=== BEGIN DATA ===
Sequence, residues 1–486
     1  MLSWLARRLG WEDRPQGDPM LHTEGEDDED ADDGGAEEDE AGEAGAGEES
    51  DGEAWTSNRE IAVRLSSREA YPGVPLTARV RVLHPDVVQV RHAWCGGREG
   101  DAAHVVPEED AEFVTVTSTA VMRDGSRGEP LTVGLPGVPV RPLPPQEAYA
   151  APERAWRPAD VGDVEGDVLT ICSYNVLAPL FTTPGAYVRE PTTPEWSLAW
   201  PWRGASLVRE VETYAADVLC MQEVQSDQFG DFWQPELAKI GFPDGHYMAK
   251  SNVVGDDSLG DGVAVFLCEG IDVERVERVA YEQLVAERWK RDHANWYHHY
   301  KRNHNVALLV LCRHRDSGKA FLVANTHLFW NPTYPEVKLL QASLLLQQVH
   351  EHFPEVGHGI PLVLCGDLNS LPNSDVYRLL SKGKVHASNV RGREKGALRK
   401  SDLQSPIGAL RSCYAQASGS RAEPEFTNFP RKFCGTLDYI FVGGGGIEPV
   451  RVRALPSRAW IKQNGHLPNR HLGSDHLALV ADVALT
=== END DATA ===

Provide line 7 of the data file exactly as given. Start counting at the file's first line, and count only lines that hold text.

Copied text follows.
   251  SNVVGDDSLG DGVAVFLCEG IDVERVERVA YEQLVAERWK RDHANWYHHY